Sparkling wines you must try that won’t break the bank
Champagne – the bubbly, playful, and stimulating wine has historically been associated with luxury and the parties of the aristocracy of Europe for centuries. A good bottle of Champagne is likely to cost you more than $50 a pop. And while a bottle of Champs can be totally worth the splurge, we are here to tell you there are some alternatives to Champagne out there that can be just as tasty.
Unsure where to start? Download the Sippd app to explore some alternatives to Champagne in a wine list we’re calling “Spectacular Sparklers”!
How do we get bubbles in our wine?
If you tuned into our “Dry-ish January” post, see here, you learned how we got alcohol in our wine through fermentation. If you were too busy recovering from your NYE quarantine celebrations (we get it), here’s a brief recap: the yeast eats the sugar in the grapes, leaving us with two byproducts- alcohol and CO2. When we make still wine, we remove CO2 and allow the alcohol to absorb into the wine.
Now we have a beautiful still wine in front of us that we want to make sparkling. To do this, we will start a second fermentation, but this time we won’t let the CO2 go, and we will allow it to be absorbed into the wine. Voila, you have bubbles! While there are around six different secondary fermentation methods used worldwide to get those luscious bubbles inside our wine, for this article, we will highlight the two most popular, traditional method (Champagne) and tank method (Prosecco).
Traditional Method (Champagne)
With a traditional method of sparkling wine, such as Champagne, the most important thing to know is that the vessel for the secondary fermentation will happen inside the bottle. During this process, the yeast has more intimate contact with the grape juice. As a result, you can expect a sparkling wine to be richer with notes of brioche, toast, and custard followed by subtle notes of lemon and apple.
Tank Method (Prosecco)
In a tank method sparkling wine, such as Prosecco, the secondary fermentation will happen in, you guessed it, a tank! These tanks are typically large and hold the wine of many future bottles of sparkling wine. This difference in sparkling wine production will produce a wine with a lighter structure with notes of delicate white flowers, pear, and apple.
What is Champagne?
Before we get into our alternatives to Champagne, let’s start by talking about what exactly Champagne is. In simple terms, Champagne is a traditional method sparkling wine that comes from the Champagne region of France. This means, if we produce a traditional method sparkling wine in Spain, Australia, or the United States, we can not call it Champagne.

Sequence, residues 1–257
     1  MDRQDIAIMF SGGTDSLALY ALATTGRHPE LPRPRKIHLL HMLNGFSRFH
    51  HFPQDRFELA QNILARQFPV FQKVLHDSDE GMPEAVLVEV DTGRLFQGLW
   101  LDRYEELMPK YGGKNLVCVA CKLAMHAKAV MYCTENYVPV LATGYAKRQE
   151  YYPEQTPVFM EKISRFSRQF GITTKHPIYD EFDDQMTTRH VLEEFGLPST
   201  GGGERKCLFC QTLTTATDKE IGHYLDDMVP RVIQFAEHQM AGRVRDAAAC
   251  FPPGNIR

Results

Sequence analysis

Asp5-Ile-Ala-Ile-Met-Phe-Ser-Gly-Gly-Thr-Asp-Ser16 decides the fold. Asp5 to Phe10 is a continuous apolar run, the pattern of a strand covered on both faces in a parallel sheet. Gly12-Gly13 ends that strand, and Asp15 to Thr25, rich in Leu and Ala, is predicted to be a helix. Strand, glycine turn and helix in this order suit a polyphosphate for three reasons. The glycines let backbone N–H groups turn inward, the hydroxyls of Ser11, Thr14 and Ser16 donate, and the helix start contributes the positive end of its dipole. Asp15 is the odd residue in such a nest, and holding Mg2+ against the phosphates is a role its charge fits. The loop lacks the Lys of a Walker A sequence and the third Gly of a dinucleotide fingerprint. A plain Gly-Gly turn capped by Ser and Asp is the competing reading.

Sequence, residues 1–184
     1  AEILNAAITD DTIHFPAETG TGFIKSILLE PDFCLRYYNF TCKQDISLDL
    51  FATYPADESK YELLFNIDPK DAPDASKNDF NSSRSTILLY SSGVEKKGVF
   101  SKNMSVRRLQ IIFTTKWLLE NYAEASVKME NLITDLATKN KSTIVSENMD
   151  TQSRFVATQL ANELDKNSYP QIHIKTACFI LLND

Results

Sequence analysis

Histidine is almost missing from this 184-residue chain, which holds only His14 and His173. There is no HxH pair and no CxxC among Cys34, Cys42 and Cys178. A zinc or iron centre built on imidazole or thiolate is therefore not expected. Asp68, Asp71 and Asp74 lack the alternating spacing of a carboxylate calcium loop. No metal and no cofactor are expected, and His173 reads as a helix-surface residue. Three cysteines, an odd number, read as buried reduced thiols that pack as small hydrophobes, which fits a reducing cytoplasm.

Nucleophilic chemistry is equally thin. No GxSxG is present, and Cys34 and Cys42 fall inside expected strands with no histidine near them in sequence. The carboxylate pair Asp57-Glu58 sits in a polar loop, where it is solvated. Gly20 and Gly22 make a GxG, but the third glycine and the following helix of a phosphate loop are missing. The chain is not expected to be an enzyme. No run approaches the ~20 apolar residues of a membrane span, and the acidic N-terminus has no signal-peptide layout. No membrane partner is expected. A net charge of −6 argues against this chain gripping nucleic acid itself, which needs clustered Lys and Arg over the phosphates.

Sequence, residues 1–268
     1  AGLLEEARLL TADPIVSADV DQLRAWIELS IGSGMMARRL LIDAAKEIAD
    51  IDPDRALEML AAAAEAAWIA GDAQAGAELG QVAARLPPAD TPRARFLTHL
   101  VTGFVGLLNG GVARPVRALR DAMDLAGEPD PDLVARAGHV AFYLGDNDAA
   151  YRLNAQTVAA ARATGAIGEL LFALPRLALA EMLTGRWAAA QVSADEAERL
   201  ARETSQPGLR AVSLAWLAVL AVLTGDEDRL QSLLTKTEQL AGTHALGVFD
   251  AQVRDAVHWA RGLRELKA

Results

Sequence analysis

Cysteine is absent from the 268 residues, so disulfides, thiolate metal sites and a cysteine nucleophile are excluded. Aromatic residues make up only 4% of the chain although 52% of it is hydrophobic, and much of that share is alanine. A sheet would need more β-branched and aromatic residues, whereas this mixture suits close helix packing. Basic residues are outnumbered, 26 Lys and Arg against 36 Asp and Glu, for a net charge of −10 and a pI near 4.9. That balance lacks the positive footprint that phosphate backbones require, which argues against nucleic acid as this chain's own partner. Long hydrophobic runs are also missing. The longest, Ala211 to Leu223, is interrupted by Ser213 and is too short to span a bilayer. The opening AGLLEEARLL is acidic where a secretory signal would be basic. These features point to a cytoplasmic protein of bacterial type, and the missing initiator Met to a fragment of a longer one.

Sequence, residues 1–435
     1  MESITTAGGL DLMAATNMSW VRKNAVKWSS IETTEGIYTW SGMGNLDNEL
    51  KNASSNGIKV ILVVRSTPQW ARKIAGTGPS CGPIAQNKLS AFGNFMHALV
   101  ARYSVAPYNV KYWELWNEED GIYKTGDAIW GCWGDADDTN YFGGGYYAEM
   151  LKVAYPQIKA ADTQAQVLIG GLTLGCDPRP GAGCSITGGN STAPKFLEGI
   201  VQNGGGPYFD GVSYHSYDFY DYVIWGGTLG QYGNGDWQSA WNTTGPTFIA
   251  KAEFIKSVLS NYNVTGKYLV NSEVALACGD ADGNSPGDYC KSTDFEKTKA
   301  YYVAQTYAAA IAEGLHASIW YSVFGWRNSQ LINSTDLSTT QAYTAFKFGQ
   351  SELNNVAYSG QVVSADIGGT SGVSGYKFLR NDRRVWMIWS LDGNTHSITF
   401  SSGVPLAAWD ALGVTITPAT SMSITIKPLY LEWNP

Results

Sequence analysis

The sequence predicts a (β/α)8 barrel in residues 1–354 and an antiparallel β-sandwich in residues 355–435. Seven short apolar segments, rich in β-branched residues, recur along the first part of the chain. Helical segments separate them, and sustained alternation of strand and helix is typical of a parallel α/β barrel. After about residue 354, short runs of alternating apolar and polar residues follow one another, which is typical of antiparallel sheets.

Due to its history, deliciousness, and the basic economics of supply and demand, Champagne can call for some high prices. Check out our list for some alternatives to Champagne for you to try today! P.S. And they’re all available to shop in the Sippd app.
Cava is a traditional method sparkling wine from Spain. Similar to Champagne, you can expect to find those toast-y, bread-y, yumm-y notes followed by yellow apple, sweet meyer lemon, and quince. The predominant grapes used to make this fun and tasty sparkler are Macabeu, Parellada and Xarello.
Prosecco, along with Champagne, is the most famous sparkling wine around the world. This bubbly is approachable, accessible, and extremely versatile. Prosecco must come from the Northeastern part of Italy, where it is a part of the everyday Italian lifestyle—produced using the tank method with delicate aromas of pear, apple, melon, and white flowers dancing on the palate.
This slightly sparkly, slightly sweet delicious wine that’s full of notes of honeysuckle, Meyer lemon, white flowers, and ripe pear is totally worth a try. While Moscato d’Asti is technically made with the tank method, it’s different in that it only goes through one fermentation. Therefore, it’s common to see the “Asti” method lingering around to describe this style of sparkling wine.
Lambrusco is a tank method sparkling wine that ranges in color between deep red and light pink. It originates from the gastronomic capital of the universe, also known as the Emilia-Romagna region in Italy. Lambrusco is extremely food-friendly, but some of our recommendations are Pizza, General Tso’s chicken, and grilled hamburgers.
Less common than Lambrusco, but super tasty. Brachetto, also known as Brachetto d’Acqui, is a semi-sparkling sweet red wine from the Piedmont region of Italy. Produced using the tank method, Brachetto is known for its floral and strawberry candied aromatics. Try Brachetto d’Aqui with a warm chocolate brownie for an unforgettable experience.
With Valentine’s Day coming up, you may want to swap out your usual glass of sparkling wine with a festive pink version. The good news is you can find rose sparkling wines produced in both the traditional and tank method. In both Champagne Rose and Prosecco Rose, they use the skins of a Pinot Noir grape to give the juice a slight touch of blush. In addition to the color, this process brings subtle structure and layered nuances of red fruit aromas.
While we love sipping Champagne here at Sippd, we believe that sparkling wines don’t have to only be for a special occasion. In fact, if we learned anything from this pandemic, it should be to celebrate everyday life a bit more. There are plenty of alternatives to Champagne out there for you to try that won’t break the bank.
What are you waiting for? Download Sippd for free and head to the “Spectacular Sparklers” list to find your new favorite alternative to Champagne in seconds. We’ll even give you a 1-100% personalized wine score (what we call “Taste Match”) to each wine, so you know how much you’ll enjoy the bottle before you even taste it. Download Sippd for free. Enjoy!